“Brands that are nimble in a cross-channel environment give their customers a more efficient, easy-to-use service and are rewarded with increased conversion rates and larger average shopping baskets,” he continued. “So it’s good to see more and more retailers participating in the Index, as it gives us a clearer view of the market’s dynamics as well as providing them with key intelligence with which to tune their performance.”
Retailers have given a mixed reaction to the figures. Robin Terrell, managing director of John Lewis online, said “Online sales in December grew stronger as the month progressed. Sales were strong across the breadth of our product ranges with toys, gadgets and gifting all naturally performing strongly. Best-sellers included Biscuit the animatronic puppy, iPod docks and speakers, and fashions. This year we kicked off our clearance sale online on Christmas Eve for the first time ever and the results were very strong. We saw good sales through Christmas Eve, with a record peak in visitors to the site, and then through Christmas Day with the busiest hour being 9-10pm. Lots of customers were browsing, we believe to help them plan their shopping trips into our stores.”
Andrew Ellison at Schuh said “Online sales were well beyond our (cautious) expectations during the festive period, with an increase over the same period last year of over 30%. Our busiest day online in terms of visits to our web site was on Boxing Day and we also saw a substantial increase in visitors on 22nd December when we launched our online sale”.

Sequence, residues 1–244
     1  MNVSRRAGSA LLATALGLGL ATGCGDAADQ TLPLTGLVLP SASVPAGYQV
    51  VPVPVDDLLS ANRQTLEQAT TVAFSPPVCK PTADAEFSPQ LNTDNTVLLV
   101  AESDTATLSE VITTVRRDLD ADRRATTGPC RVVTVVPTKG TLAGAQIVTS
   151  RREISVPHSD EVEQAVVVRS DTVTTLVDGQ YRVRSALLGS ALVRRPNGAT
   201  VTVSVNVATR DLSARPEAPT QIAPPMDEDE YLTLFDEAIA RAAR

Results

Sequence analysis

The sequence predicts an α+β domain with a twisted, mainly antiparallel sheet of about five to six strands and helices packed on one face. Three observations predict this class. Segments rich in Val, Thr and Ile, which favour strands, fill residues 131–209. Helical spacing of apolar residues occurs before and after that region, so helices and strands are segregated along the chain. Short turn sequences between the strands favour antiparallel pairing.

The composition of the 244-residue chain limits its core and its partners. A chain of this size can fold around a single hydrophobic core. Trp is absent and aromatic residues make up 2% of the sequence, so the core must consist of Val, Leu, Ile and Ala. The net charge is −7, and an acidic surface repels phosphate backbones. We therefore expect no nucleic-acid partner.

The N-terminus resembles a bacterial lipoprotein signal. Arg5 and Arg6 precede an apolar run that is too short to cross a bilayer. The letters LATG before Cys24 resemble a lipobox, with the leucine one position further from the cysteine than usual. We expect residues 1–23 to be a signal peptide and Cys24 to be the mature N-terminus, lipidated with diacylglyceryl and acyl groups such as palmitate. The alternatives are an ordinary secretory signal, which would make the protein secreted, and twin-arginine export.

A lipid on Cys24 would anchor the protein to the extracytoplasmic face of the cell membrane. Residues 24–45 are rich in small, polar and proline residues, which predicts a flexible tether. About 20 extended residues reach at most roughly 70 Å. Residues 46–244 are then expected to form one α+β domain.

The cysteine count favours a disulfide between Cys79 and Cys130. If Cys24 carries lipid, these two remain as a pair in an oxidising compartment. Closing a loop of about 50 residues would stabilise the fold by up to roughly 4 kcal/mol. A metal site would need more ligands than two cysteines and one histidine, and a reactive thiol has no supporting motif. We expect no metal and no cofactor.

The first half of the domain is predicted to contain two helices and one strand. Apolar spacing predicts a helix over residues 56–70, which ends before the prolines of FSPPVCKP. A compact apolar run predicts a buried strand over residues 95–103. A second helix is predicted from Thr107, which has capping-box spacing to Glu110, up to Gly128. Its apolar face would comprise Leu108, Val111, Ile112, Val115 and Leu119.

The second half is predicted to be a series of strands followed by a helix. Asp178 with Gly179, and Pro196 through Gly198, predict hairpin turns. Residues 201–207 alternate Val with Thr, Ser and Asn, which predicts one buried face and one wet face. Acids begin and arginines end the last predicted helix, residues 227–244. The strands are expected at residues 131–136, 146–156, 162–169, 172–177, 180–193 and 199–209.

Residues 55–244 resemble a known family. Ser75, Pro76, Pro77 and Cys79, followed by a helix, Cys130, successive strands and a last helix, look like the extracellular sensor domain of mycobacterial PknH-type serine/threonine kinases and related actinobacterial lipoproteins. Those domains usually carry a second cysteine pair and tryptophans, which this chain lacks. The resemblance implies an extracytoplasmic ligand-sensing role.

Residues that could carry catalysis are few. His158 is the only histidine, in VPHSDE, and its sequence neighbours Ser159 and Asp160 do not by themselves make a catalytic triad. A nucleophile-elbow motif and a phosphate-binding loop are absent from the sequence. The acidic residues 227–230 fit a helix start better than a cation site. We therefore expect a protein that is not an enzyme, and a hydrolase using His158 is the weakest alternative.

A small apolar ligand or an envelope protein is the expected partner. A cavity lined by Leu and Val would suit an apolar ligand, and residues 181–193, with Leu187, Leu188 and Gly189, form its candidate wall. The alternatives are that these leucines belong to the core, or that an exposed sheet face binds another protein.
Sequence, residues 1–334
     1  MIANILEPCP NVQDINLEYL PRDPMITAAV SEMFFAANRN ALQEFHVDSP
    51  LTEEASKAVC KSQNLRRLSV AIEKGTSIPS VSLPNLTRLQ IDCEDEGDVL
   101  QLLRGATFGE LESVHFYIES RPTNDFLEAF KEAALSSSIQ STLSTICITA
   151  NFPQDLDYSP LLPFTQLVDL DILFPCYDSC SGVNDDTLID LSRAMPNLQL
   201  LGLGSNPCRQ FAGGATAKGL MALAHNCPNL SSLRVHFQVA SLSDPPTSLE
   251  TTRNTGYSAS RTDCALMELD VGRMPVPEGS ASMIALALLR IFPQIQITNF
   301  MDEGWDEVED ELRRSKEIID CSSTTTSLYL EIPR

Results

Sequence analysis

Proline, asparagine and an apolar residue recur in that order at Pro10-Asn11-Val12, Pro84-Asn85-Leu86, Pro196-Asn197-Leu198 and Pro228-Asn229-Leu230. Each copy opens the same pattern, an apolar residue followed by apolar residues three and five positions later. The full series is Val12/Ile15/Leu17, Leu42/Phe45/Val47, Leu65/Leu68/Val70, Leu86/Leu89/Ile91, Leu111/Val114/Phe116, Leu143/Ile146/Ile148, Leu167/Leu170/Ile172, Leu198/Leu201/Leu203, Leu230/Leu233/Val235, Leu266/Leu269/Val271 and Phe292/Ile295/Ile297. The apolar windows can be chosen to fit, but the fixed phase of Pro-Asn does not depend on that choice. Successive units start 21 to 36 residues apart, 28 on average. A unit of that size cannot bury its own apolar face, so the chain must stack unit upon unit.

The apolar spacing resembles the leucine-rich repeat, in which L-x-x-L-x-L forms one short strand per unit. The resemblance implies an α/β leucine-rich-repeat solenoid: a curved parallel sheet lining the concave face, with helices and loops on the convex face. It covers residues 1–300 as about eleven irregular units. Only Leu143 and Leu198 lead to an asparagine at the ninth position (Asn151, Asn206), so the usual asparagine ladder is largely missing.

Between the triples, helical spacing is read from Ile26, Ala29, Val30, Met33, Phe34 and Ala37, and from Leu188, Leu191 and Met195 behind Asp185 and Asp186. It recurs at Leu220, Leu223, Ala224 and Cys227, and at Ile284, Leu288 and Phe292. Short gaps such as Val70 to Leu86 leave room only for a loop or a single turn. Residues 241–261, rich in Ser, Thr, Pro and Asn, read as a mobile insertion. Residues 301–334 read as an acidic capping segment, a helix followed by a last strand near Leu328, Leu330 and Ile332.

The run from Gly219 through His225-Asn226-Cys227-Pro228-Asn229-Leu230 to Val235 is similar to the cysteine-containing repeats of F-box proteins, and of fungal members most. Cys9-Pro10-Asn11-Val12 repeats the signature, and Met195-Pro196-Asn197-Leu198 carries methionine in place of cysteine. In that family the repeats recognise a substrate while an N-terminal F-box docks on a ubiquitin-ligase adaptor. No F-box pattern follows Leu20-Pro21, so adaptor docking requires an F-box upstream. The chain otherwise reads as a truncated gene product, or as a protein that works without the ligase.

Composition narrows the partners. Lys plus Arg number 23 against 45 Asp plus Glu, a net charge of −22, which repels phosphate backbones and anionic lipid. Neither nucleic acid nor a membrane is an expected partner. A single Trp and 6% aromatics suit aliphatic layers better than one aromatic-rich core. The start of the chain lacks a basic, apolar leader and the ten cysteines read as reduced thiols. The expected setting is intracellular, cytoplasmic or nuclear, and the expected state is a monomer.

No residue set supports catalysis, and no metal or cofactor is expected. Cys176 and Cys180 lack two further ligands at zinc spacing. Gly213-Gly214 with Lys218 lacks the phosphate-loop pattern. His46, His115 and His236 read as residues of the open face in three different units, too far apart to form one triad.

Sarah Blair Gould, ecommerce manager at Boden, said “Trade in the run up to Christmas was in line with our expectations, which was good considering the tough trading conditions. Web traffic was up 37% year-on-year for December and our busiest day was December 12th which was our Sale launch day.”
Christian Robinson, managing director of Firebox.com said “December 2008 was an exciting month for Firebox. Monday the 8th December saw a record number of orders (in terms of volume and value) in the ten years since we began trading. Our peak day for traffic during 2008 was in December and in addition, sales were up on 2007 and were higher than expected over the Christmas period.”
Rowan Gormley, founder of Naked Wines said “Despite the credit crunch, people are buying wine, but they are buying more intelligently. Over 50% of our new customers in our first month of trading agreed to sponsor a winemaker, in return for a third discount on their wines.”
Steve Robinson, chief executive of M and M Direct, commenting on Christmas trading, said “The business did extremely well over the Christmas period against a strong comparative. Customers in these difficult times are embracing the internet and wanting great value products. Looking forward to 2009 we believe we are well positioned in a challenging market to offer our customers a continuing great range of products at great prices and it will be those retailers that manage to deliver value for money that will continue to grow.”
Shop Direct Group chief executive Mark Newton-Jones said “We are pleased with our trading performance during the Christmas period and particularly with the continued growth of our online business as this becomes the shopping channel of choice for many of our new and existing customers. We believe the retail outlook in 2009 will be difficult. However, we will continue to invest in and improve our broad range of products, our online platform and our customer service, whilst continuing to offer our customers flexible payment terms.”
And Gary Berg, managing director at Lighting Direct, said “Sales for December were lower than the previous year by approximately 10%. However the number of orders received was almost identical to last year which shows that in our market sector customers are still buying but spending less. The traffic and sales figures for Christmas Day and Boxing Day year on year were similar.”